Personal Finance

High-value transactions: You are being watched

Parvatha Vardhini C | Updated on January 15, 2018



Look before you leap into high-value transactions

Worried that the taxman will be watching deposits aggregating to ₹2.5 lakh and above until December 31? Your hoard of ₹500 and ₹1,000 notes is not the only money matter you need to fret about.

Through what is called an ‘Annual Information Return’ (AIR) required to be filed by various institutions with which you have made big-ticket investments or purchases, the government has been keeping tabs on you all the while.

As part of the several measures to clamp down on black money in recent times, threshold limits for disclosure of some of the high-value transactions in the AIR were reset earlier this year. From June 1, 2016, the scope of transactions attracting tax collection at source (TCS) has been widened too. So if you are among the well-heeled, you must handle your high-value transactions with care and keep your record straight.

AIR requirements

You may be pre-occupied with the bundles of ₹1,000 and ₹500 notes you carefully preserved in your secret chamber. But this apart, several other transactions that you may want to get into or have undertaken in the past are under the taxman’s watchful eyes. For instance, a sum of ₹10 lakh may not be quite significant for you, given your wealthy disposition; but it is enough for the government to pay closer attention to you. .

If you make an aggregate investment of ₹10 lakh and above during a financial year in shares offered by a company, in one or more mutual fund schemes (excluding transfer from one scheme to another) or in bonds, debentures and time deposits (excluding renewals), the institutions where you have made these investments will share this information with the government through their AIR.

The ₹10 lakh (aggregate in a financial year) cut-off also applies to credit card bills and purchase of foreign currency in all forms. ( notes, credit to foreign currency card, expenses in foreign currency through debit/credit card/traveller’s cheques/drafts); payments of ₹10 lakh and above in cash (aggregate in a financial year) for purchase of drafts or pay orders are also not spared.

Outside of cash deposits aggregating to ₹2.5 lakh and above which will be looked into until December 30, 2016, cash deposits aggregating to ₹10 lakh or more in one or more savings accounts of a person are under the scanner at all times. If you buy or sell any immovable property for over ₹30 lakh (per transaction) or if the property is valued at ₹30 lakh and above, this will also be reported by the appropriate authority in their AIR filings. Form 26AS, a statement showing details of your TDS (Tax Deducted at Source), self-assessment tax payments, refunds due, etc., also captures your AIR transactions for every financial/assessment year.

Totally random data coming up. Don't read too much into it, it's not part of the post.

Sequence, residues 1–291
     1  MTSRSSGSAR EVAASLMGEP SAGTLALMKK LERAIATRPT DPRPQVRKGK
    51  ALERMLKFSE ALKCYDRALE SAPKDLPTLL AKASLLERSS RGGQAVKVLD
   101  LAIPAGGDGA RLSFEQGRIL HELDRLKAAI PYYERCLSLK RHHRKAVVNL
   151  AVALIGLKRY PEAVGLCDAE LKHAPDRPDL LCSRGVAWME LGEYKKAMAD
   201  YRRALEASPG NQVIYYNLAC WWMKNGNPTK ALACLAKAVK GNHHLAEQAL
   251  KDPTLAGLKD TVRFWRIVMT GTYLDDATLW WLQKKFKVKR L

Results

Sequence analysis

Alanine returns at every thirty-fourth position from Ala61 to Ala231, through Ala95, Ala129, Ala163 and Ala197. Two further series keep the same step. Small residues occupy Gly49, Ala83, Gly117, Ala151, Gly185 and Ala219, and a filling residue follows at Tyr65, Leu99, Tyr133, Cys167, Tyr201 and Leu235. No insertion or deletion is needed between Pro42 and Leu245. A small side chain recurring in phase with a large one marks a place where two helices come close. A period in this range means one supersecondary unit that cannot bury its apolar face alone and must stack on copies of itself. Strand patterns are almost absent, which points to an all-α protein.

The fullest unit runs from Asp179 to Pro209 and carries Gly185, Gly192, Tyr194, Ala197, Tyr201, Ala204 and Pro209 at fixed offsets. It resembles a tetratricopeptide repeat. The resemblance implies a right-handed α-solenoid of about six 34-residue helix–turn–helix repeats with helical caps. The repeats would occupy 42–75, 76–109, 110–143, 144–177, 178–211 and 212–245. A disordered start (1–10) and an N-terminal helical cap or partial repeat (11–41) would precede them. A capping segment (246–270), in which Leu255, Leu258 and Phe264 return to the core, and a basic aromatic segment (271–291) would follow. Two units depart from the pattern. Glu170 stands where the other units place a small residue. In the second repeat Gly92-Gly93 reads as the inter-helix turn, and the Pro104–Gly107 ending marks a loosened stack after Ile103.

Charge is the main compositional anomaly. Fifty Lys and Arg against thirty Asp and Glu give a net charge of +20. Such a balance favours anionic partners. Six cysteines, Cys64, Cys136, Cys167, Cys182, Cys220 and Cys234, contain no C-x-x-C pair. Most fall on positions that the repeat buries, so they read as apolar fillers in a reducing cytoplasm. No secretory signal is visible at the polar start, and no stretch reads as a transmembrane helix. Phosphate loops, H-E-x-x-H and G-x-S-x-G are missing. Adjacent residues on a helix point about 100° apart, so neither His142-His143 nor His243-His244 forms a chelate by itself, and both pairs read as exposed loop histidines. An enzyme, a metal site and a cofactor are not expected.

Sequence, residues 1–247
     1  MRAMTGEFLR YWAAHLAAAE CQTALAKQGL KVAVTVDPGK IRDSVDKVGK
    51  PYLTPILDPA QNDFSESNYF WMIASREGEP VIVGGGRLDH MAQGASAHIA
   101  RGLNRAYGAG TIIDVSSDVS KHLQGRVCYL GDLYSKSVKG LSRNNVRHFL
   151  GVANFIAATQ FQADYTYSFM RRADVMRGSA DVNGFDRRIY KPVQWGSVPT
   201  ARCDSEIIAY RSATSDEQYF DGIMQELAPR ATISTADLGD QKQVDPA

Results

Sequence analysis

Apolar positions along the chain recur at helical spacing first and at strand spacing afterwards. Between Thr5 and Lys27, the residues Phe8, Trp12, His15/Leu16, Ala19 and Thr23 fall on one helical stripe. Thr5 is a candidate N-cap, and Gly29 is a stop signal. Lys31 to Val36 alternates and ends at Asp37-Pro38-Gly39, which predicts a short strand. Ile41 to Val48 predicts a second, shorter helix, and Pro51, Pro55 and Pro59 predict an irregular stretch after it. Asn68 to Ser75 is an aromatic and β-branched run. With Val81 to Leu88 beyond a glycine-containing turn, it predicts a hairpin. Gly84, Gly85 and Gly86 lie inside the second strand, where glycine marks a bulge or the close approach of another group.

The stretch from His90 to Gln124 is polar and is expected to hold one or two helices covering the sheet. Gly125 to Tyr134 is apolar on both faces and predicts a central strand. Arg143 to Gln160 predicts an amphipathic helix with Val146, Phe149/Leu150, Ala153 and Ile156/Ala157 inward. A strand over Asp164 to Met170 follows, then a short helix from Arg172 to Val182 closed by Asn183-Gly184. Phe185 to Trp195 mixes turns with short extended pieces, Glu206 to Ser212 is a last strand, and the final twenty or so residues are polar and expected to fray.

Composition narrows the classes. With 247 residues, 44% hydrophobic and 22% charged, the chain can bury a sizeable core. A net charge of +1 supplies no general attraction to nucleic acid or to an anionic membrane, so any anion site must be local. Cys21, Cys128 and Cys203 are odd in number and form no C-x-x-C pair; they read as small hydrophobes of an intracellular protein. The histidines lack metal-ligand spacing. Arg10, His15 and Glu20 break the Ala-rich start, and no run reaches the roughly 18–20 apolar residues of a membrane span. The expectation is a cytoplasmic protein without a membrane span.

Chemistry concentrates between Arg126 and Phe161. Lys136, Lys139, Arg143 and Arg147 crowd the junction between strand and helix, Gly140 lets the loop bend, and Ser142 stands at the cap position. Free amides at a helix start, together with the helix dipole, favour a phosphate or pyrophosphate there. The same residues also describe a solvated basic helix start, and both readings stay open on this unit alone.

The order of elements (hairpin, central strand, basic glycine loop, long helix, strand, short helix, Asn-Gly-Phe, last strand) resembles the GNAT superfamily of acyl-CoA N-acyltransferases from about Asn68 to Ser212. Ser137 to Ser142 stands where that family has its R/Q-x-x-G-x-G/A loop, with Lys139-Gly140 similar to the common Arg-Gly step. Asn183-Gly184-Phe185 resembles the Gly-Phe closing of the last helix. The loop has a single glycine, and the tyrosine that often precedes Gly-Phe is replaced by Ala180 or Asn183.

Form 26AS can either be viewed through your net banking account or through your e-return filing account. It will hence help if you can keep all appropriate papers safely to prove genuineness in case the tax authorities question you.

Mandatory PAN

AIR is not the only way in which the government is tracking you. To create a trail for many other high-value transactions, quoting your PAN (Permanent Account Number) has been made mandatory in several cases. For instance, payment in cash of ₹50,000 at one time for hotel or restaurant bills or for purchase of foreign currency requires your PAN number.

Investments in various financial instruments such as bonds, mutual funds, debentures, etc, in excess of ₹50,000 in each of them also calls for your PAN.

Deposit of cash over ₹50,000 in one day, payment of insurance premium aggregating to or more than ₹50,000 in a financial year or purchase of any goods or services exceeding ₹2 lakh per transaction require disclosure of your PAN too. PAN is mandatory for those depositing ₹2.5 lakh and above in the aggregate until December 30, 2016, as well.

TCS axe

Thirdly, vigilance has also been stepped up by imposing a tax collection at source (TCS) for big-ticket transactions. In the last few years, sellers who receive consideration in cash for sale of bullion and jewellery have been collecting 1 per cent of the sale value as tax, if the consideration exceeded ₹5 lakh for jewellery and ₹2 lakh for bullion.

From June 1, 2016 onwards, consideration above ₹2 lakh received in cash for any other goods sold or services rendered will also attract TCS of 1 per cent. Consideration in excess of ₹10 lakh, be it in cash or otherwise, received on sale of motor vehicle will be charged a 1 per cent TCS too. With every move by the government, the noose is tightening for those who may have shades of grey and black in their wealth. It is best to keep your hands clean and your records in place to avoid punitive taxes/penalties/trials.

Published on November 26, 2016

Follow us on Telegram, Facebook, Twitter, Instagram, YouTube and Linkedin. You can also download our Android App or IOS App.

This article is closed for comments.
Please Email the Editor